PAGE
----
Muslim education in Kenya with special reference to Madrash system in Nairobi
Maina, Newton Kahumbi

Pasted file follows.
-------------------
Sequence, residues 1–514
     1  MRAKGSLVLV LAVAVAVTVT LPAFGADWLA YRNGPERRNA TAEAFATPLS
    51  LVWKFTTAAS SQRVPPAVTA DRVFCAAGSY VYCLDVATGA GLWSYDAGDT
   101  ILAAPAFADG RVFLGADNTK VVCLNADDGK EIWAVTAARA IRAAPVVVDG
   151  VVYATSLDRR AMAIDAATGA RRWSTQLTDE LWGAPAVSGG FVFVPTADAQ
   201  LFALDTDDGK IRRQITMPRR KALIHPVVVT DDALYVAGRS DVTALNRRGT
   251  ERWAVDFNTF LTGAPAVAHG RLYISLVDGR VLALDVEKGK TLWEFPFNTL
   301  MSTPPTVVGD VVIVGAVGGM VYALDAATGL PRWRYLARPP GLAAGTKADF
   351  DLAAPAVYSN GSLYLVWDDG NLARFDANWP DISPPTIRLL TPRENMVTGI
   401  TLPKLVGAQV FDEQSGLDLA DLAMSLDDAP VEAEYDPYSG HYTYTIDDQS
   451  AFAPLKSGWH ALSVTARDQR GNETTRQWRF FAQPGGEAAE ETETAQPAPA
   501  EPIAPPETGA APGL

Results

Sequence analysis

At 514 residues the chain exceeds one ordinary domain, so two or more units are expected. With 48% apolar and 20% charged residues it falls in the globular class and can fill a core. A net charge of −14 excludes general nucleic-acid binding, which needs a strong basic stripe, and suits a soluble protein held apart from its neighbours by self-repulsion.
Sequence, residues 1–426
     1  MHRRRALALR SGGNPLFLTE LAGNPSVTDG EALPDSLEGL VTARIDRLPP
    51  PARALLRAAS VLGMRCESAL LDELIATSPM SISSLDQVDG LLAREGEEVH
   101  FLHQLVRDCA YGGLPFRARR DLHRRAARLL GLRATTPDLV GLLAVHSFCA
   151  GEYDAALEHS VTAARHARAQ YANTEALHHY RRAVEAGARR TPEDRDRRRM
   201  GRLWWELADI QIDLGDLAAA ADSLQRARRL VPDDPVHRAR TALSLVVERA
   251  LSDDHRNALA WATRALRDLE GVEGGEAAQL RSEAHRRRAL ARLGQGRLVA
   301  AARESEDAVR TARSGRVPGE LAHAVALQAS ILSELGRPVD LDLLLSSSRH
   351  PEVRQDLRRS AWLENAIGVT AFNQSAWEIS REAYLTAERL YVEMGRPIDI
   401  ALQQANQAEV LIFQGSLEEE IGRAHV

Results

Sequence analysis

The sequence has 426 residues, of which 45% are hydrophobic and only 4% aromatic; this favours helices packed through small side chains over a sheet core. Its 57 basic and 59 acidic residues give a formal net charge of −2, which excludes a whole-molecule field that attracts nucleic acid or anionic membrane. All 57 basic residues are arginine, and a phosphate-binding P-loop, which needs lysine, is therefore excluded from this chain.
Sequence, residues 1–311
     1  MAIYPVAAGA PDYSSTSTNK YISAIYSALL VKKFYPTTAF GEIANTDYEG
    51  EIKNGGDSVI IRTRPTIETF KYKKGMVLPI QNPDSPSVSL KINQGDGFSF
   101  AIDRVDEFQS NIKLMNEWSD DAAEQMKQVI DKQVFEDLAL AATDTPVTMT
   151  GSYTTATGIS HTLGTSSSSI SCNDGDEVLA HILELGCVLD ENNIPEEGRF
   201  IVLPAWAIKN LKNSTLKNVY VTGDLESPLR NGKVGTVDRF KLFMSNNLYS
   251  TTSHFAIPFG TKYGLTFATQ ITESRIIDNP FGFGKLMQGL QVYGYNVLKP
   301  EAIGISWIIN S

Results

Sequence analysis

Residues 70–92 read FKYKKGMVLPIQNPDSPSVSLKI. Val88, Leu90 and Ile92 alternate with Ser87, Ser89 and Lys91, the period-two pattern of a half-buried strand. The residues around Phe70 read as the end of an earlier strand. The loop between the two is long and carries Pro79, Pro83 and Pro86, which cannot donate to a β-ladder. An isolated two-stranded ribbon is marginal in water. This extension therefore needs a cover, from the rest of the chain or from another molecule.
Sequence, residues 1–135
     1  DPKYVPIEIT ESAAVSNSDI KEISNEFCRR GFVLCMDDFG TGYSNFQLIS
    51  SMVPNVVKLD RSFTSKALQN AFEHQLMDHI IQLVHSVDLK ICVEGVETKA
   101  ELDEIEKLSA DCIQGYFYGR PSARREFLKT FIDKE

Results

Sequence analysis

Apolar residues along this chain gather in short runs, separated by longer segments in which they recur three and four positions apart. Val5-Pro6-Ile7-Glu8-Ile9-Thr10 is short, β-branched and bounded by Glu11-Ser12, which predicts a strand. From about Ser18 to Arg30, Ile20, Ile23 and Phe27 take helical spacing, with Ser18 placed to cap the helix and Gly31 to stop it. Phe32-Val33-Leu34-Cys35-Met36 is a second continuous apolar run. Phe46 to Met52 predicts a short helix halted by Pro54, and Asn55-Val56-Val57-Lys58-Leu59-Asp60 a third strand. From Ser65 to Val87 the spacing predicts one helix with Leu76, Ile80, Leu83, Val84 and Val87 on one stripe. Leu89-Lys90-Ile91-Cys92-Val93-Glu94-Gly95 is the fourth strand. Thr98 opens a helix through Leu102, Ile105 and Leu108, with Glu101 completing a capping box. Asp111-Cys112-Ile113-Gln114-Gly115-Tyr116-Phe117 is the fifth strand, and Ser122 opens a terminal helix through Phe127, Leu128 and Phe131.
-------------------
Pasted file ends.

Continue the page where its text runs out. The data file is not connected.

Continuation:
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This study is an attempt to investigate the role of the madrasa system in Muslim education in Kenya. The study seeks to show how religion determines one of the aspects of Muslim life, that is, education. It is noted that the Holy Qur'an and the traditions of Prophet Muhammad (PBUH) determine and guide the philosophy of Muslim education. Indeed, it is shown that Muslims are not opposed to any type of education provided that educations do not contradict the principles and teachings of Islam, which are enshrined in the Qur'an and Hadithi. This means that the educational backwardness of Muslims within a particular place and time should be explained and understood from their socio-cultural milieu and not from the teaching of Islamic religion per se. In that connection, the educational backwardness of the Muslims in Kenya should be partly attributed to the colonial educational legacy. The study maintains that the colonial educational policies contributed to the marginalisation of Muslims in education. The study further shows that during the colonial period, Muslims did response is attributed to the fear of conversion to Christianity which made the Muslims to shun Missions schools which were seen as instruments of Christianity. Positive response of Muslims to Western education was marginally seen when the colonial government established schools which were not under missionary control. But the impetus to western education came with the introduction of Qur'anic teaching in the curriculum of government schools. This introduction coincided with a growing consciousness for Western education. This was due to the material benefits that went with some degree of Western education. But western education challenged the cultural and religious base of the Muslims as a tool for the promotion of western cultural values and influence. The madrasa was therefore developed to fulfill the Muslims educational needs, to safeguard their religious values and cultural heritage. Islam does not dichotomies education into religious and secular, though knowledge comprises revealed knowledge and acquired knowledge. In practice the revealed knowledge gives birth to religious education while acquired knowledge gives birth to secular education. For a Muslim, religious education is acquired in a madrasa whereas secular education is acquired in a madrasa whereas secular education is acquired in a secular school. Madrasa education is by and large; concerned with moral training the madrasa promotes the spirit of Islam. This is the role that the madrasa as an education institution is identified with. The study identifies and examines some of the challenges which face the madrasa system. Accordingly secular education offers the greatest challenge to the madrasa. But in spite of that secular education cannot replace the role of the madrasa in moral and religious training. Various ways in which the future role of the madrasa could be ensured have been examined. Noting that Muslims should give equal weight to both religious and secular education concludes the study. The importance of madrasa is underlined by its religious and moral training of its students. For moral and religious training to be carried out effectively, the madrasa system needs to be streamlined in various aspects which have been found wanting. It is therefore, noted that, the integration of religious (Islamic) education with secular (modern) Muslim education and for the continued survival of the madrasa system.